13 Ways to Kill Your Community, by Doug Griffiths and Kelly Clemmer

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Lets suppose you have a really ambitious goal in life you want to kill your community! You want to drive away people, eliminate jobs, undermine businesses, and you wont quit until the whole place is in ruins. Dont know how to go about it? Youre in luck here is a handy manual, chock-full of proven ideas, for the up-and-coming town wrecker. This is the book for you! But suppose you have a different goal you want to save your community. You want to promote growth, ensure prosperity, build for the future. Well, you too can benefit from 13 Ways. All you have to do is follow the advice in reverse, and before you know it, you and your neighbours will have built a thriving, successful community thats the envy of everyone. DOUG GRIFFITHS has a passionate interest in promoting the well-being of Canadas prairie communities. Co-author of the Rural Alberta: the Land of Opportunity report, at one time the youngest MLA in Alberta, , now serving his third term in government, he has visited most of the 422 communities in the province to learn first-hand about the special challenges that confront small and not-so-small communities in the 21st century. 13 Ways is the summary of eight years of experience gained through intense involvement with towns from one end of the province to the other. And no, its not really about how to kill your community its about how to make it much, much better! Co-author KELLY CLEMMER is a prize-winning journalist with The Wainwright Review and The Wainwright Star Chronicle, past Vice President of the Writers Guild of Alberta, and has been widely recognized for his contributions to enhancing the quality of life in rural communities. 6 x 9, paperback, 144 pages, $19.95, ISBN 978-1-897181-42-3, September publication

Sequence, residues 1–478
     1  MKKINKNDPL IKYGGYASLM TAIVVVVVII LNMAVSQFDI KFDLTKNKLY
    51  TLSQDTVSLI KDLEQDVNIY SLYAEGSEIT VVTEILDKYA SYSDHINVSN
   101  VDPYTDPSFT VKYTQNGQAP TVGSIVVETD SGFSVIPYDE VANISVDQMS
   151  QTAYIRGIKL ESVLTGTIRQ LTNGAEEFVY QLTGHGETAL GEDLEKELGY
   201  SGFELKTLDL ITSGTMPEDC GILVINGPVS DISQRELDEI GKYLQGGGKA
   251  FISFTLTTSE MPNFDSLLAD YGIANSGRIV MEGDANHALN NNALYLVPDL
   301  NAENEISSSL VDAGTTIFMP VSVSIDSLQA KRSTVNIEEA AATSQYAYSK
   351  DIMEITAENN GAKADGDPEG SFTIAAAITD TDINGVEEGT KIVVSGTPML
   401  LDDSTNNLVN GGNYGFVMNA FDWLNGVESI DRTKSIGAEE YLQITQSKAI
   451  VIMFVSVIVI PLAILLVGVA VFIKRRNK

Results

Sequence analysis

<ul><li><p> 13 </p><p>Ways to Kill Your Community</p><p>by Doug Griffiths and Kelly Clemmer</p><p>13 Ways test MS.indd 3 8/26/10 3:39 PM</p></li><li><p>Copyright 2010 by Doug Griffiths and Kelly Clemmer </p><p>All rights reserved, including moral rights. No part of this publication may be reproduced or transmitted in any form or by any means electronic or mechanical including recording, photocopying, or any information storage retrieval system without permission in writing from the author or publisher or ACCESS copyright, except by a reviewer or academic who may quote brief passages in a review or critical study.</p><p>Book and cover design: Epix DesignCover Image: Rick SealockAuthor photos: Ashley Flaade (Doug Griffiths) / Rod Oracheski (Kelly Clemmer)Editorial assistant: Krista Wiebe</p><p>Library and Archives Canada Cataloguing in Publication</p><p>Griffiths, Doug13 ways to kill your community / Doug Griffiths &amp; Kelly Clemmer.</p><p>ISBN 978-1-897181-42-3</p><p>1. Community development--Canada. 2. Rural development--Canada. 3. Community leadership--Canada.I. Clemmer, Kelly II. Title. III. Title: Thirteen ways to kill your community.</p><p>HN110.Z9C6 2010c 307.140971 C2010-904979-9</p><p>We acknowledge the support of the Canada Council for the Arts for our publishing program. We also acknowledge the support of The Alberta Foundation for the Arts.</p><p>Printed and bound in CanadaPublished by Frontenac House Ltd.1138 Frontenac Avenue S.W.Calgary, Alberta, T2T 1B6, CanadaTel: 403-245-2491 Fax: 403-245-2380editor@frontenachouse.com www.frontenachouse.com</p><p>13 Ways test MS.indd 4 8/26/10 3:39 PM</p></li><li><p>This book is dedicated to the memory of my friend Coady, and those who remain behind, </p><p>Joanne, Sam, and Nik. We miss you.</p><p>13 Ways test MS.indd 5 8/26/10 3:39 PM</p></li><li><p>Acknowledgements</p><p>To the rural communities and wonderful people who shared their stories with me, those that fight tirelessly for the future of their communities; to my family, especially my wife Sue, who supported me always travelling, always being on the road, always talking about the need to keep our communities strong; and to Kelly, who pushed the idea of turning my speech into written word. This book wouldnt have happened without them. ~ Doug Griffiths</p><p>I would like to acknowledge my friends and family for all their support, especially my wife, Shannon, son Ashton, and parents Melba and Clare Clemmer for all their encouragement in pursu-ing my dream of becoming a published author. ~ Kelly Clemmer</p><p>13 Ways test MS.indd 6 8/26/10 3:39 PM</p></li><li><p>Contents </p><p>Prologue1. Dont Have Quality Water2. Dont Attract Business3. Ignore Your Youth4. Deceive Yourselves About Your Real Needs or Values5. Shop Elsewhere6. Dont Paint7. Dont Cooperate8. Live in the Past9. Ignore Your Seniors10. Reject Everything New 11. Ignore Immigrants and Outsiders12. Become Complacent13. Dont Take ResponsibilityConclusion</p><p>13 Ways test MS.indd 7 8/26/10 3:39 PM</p></li><li><p>Prologue 9</p><p>Prologue</p><p>I was elected for the first time as a Member of the Legislative As-sembly (MLA) of Alberta in the constituency of Wainwright in a by-election on April 8, 2002. I was the youngest MLA serving in the province, and, at the time, the sixth youngest MLA ever elected in the provinces 100 year history. I was re-elected to the Legislature for a second term in November, 2004; currently I am well into my third term, which began March, 2008, but thankfully I am no longer the youngest MLA in Alberta, as four new MLAs, all younger than me, were elected this time.Before becoming a Member of the Legislative Assembly I was </p><p>a rancher who, like so many other people in our rural commu-nities, also had a career teaching because I truly enjoyed it, and because it subsidized my ranching habit. Before that I received an Honours Degree in Philosophy from the University of Alberta and a collaborative Degree in Education jointly from Red Deer College and the University of Alberta. For three years prior to my first election I taught at Byemoor School, one of the smallest schools in the province, with approximately 50 students from kindergarten through to grade nine. My life was going very well.Perhaps I should explain a little further. My plan, like that of </p><p>so many other young people, was to get out of my small town </p><p>13 Ways test MS.indd 9 8/26/10 3:39 PM</p></li><li><p>10 13WaystoKillYourCommunity</p><p>and do some big things in some big places with some big people. I finished my philosophy studies with the full intent of pursuing a law degree at University of Alberta. However, when I finished my first degree, I realized I really didnt want to do big things with big people in big cities, and I didnt want to be a lawyer. I wanted to ranch, and I wanted to teach, and I wanted to do these things in a small town because I preferred the small town life. When the University of Alberta partnered with Red Deer College to offer a collaborative teaching degree it meant I could continue to learn, work and live in a small community of my choosing, and I jumped on the opportunity.There I was, happy as a clam. I grew up on the family farm and I </p><p>could still work on it. I could still have some cows, and I could still ride my horse. I was teaching in a very small school where students and the staff were exceptional and I was enjoying personal success. When I wasnt working on our farm or teaching, I was taking the students skating, or helping with some work on their family farms, and occasionally dabbling in politics. I had everything I ever wanted.I recall, however, sitting in the White Goose Restaurant in </p><p>Castor, Alberta, with a population just under 1,000, on one sunny summer day. I was looking for a house that was well suited and well located for present and future needs, and I was sure it was there, right across the street. Thirty minutes to the south was the school where I would be teaching, and twenty minutes to the east was the farm where I would work after school. But then it struck me as I finished off my second cup of coffee that I wasnt thinking whether this house would be big enough for when I married and had children, or if it had a big enough yard, or had a good foundation, or nice view. Instead, I wondered if the town I wanted to live in, situated between the town where I taught and the town where I farmed, all three of which I loved so, would still be there as the years went on.</p><p>13 Ways test MS.indd 10 8/26/10 3:39 PM</p></li><li><p>Prologue 11</p><p>That was the exact moment I had my realization that if I was going to enjoy the life I wanted, if I was going to continue to teach in that small community, continue to farm in the other, and live in the one that lay between the two, it was going to be my responsibility to find a way to make our rural communities stronger, better, and as enduring as time. Eventually I found the woman of my dreams and we had two sons, and the depth of my sense of responsibility and passion grew from being personal to being generational. I wanted, and still want, my sons to be able to grow up in a small town and return someday, if they so desire, just as I did.So, I became more and more involved in politics, speaking and </p><p>listening to anyone willing to discuss the issue of rural develop-ment and rural sustainability. I wrote columns in newspapers, I wrote letters, and I gave advice to anyone in a position of power who would listen. Then the MLAs position in our constituency fell vacant and I decided to run in the upcoming by-election. Despite a few snickers about my age and some comments that I didnt stand a chance, I ran, and I won. Make no mistake, the irony of giving up my full time rural life, riding my horse and teach-ing my students, for a life that takes me to the city for extensive periods of time so that I can help ensure that rural communities are prosperous and successful, is not lost on me.I campaigned in that nomination and in that first election on the </p><p>need to promote rural development, and though I am in my third term as an elected official, my commitment to rural development is stronger than it has ever been. Soon after I was elected to my first term I was assigned to co-write a rural development strategy for the province. After three years, after visiting over 270 of the 422 communities in Alberta, and after listening to thousands of Albertans, I co-authored a report called Rural Alberta: the Land of Opportunity, which listed over 70 recommendations concern-</p><p>13 Ways test MS.indd 11 8/26/10 3:39 PM</p></li><li><p>12 13WaystoKillYourCommunity</p><p>ing health care, education, community infrastructure, economic development, youth, seniors, Aboriginals, immigrants, arts and culture, the environment, water, transportation, trade, and tourism.The report was well received, which I found gratifying since </p><p>I had worked long and hard on helping prepare it. I was asked to speak about the report all over the province, and so I did. I always went through all the recommendations, but I also pointed out at the beginning and end of each speech that besides the recommendations, two other elements were critically important.First, if our rural communities were going to be successful </p><p>over the long term, it was essential that every level of govern-ment realized the role they would need to play in laying down the foundations for success. Whether local, provincial, or federal, each level must be constantly vigilant in pursuing its role in com-munity development. This includes such steps as creating a strong underlying infrastructure, minimizing encumbrances to growth through reduced regulations and paperwork, and developing support systems for exchange of information about best practices.Second, and most importantly, the only way ever to ensure the </p><p>success of any community is for the community itself to decide it wants to be successful. I know that sounds trite and banal, but I suggest to you that even the most contentious and complex of challenges often has a very simple solution that we may have over-looked. Perhaps that is because, as intelligent beings, we believe truth must lie in complexity, or perhaps we are just too ashamed that we often cannot recognize the simplest of solutions. Regard-less of the situation, a communitys future rests primarily within its own populace and their desire to achieve success. Any government could ride into a community on a white horse </p><p>with a generic plan and some money to execute that plan, and there might be some short term success within the community. However, if the community members themselves dont write their own plan </p><p>13 Ways test MS.indd 12 8/26/10 3:39 PM</p></li><li><p>Prologue 13</p><p>for success, then they wont truly believe in it as a community and there wont be the commitment to follow through with the plan. This exact scenario happens over and over with programs of this nature, and invariably the plans fall to the wayside and collect dust when the money is gone. In the end, nothing long term has been accomplished and no permanence is achieved, save for a few people who can now feel better about themselves for trying.So I emphasized in the report itself and with every speech that </p><p>I gave that without the communities buy-in, without their own determination, virtually any rural development project would be doomed to failure. Even though the government would follow through on its own recommendations, if the community simply waited for me or anyone else in government to make all their worries and problems go away, then we were all wasting energy. If their notion was that the money that followed the report was the answer and that everything would be just fine with more funding, then we were just wasting taxpayers money as well. Money is not usually the answer, and it is never the first step in a solution.Communities have to make a conscious choice if they want </p><p>to be successful or not. Communities have to analyze their own strengths and weaknesses. Communities have to determine what it is that they can and must do to be successful. Communities have to believe they can be successful, and that their plan will make them successful, and they must then follow through on that plan. Communities have to believe that they can achieve their goal with or without government participation. I travelled all over telling people about the recommendations </p><p>from the report, about the role of government, and about how first and foremost it was up to the community members themselves to want success. People appreciated the presentation, yet I couldnt help feeling frustrated. I wasnt sure if they got the real message.</p><p>13 Ways test MS.indd 13 8/26/10 3:39 PM</p></li><li><p>14 13WaystoKillYourCommunity</p><p>I was on my way to one particular community for the third time to give my rural development speech but I was fearful I would get the same reaction. I knew they would do as they had done before. I knew they would love the speech, and listen to the message I emphasized so passionately about their role in making rural development happen, but I knew they would phone me a few weeks after the presentation, as they had done in the past, and ask me when they would see the first benefits from the rural development strategy.Each time I spoke to them they had missed the point. I cant </p><p>make them be successful. The government cannot make them be successful. If they themselves dont decide to be successful, if they dont decide to move themselves, to change their own work, there is no amount of money or planning or help that anyone can give them that wont be an exercise in futility. No rules, no legislation, no government, no amount of money, has more impact than a group of people that chooses to make something happen. Con-versely, if they do decide to make something happen, its almost impossible to stop them. You can try to make rules to protect people who make stupid </p><p>choices, but someone will inevitably make even stupider choices. You can make rules to stop people from hurting themselves but eventually someone will find a new way to hurt themselves de-spite those rules. You can make laws to try to stop people from losing their fortunes to con artists, yet they will still find a way to give their money away. The government cannot fix every problem that a person has. In fact, I doubt that the govern-ment can fix any persons problem if the person involved doesnt want to fix it themselves and if they want to fix it themselves, I doubt very much that they needed the governments help in the first place. Its all about people, the choices they make, and the attitude they have, and it always has been. No matter what </p><p>13 Ways test MS.indd 14 8/26/10 3:39 PM</p></li><li><p>Prologue 15</p><p>happens, the people of the community are the catalysts for its success or failure.When I was on my way to that community for the third time </p><p>my frustration grew at the thought of their calling me again to ask when I would fix their mess when it was they who had to take the first step themselves. In fact, after travelling to over 300 different communities in four years I began to reflect how many co...</p></li></ul>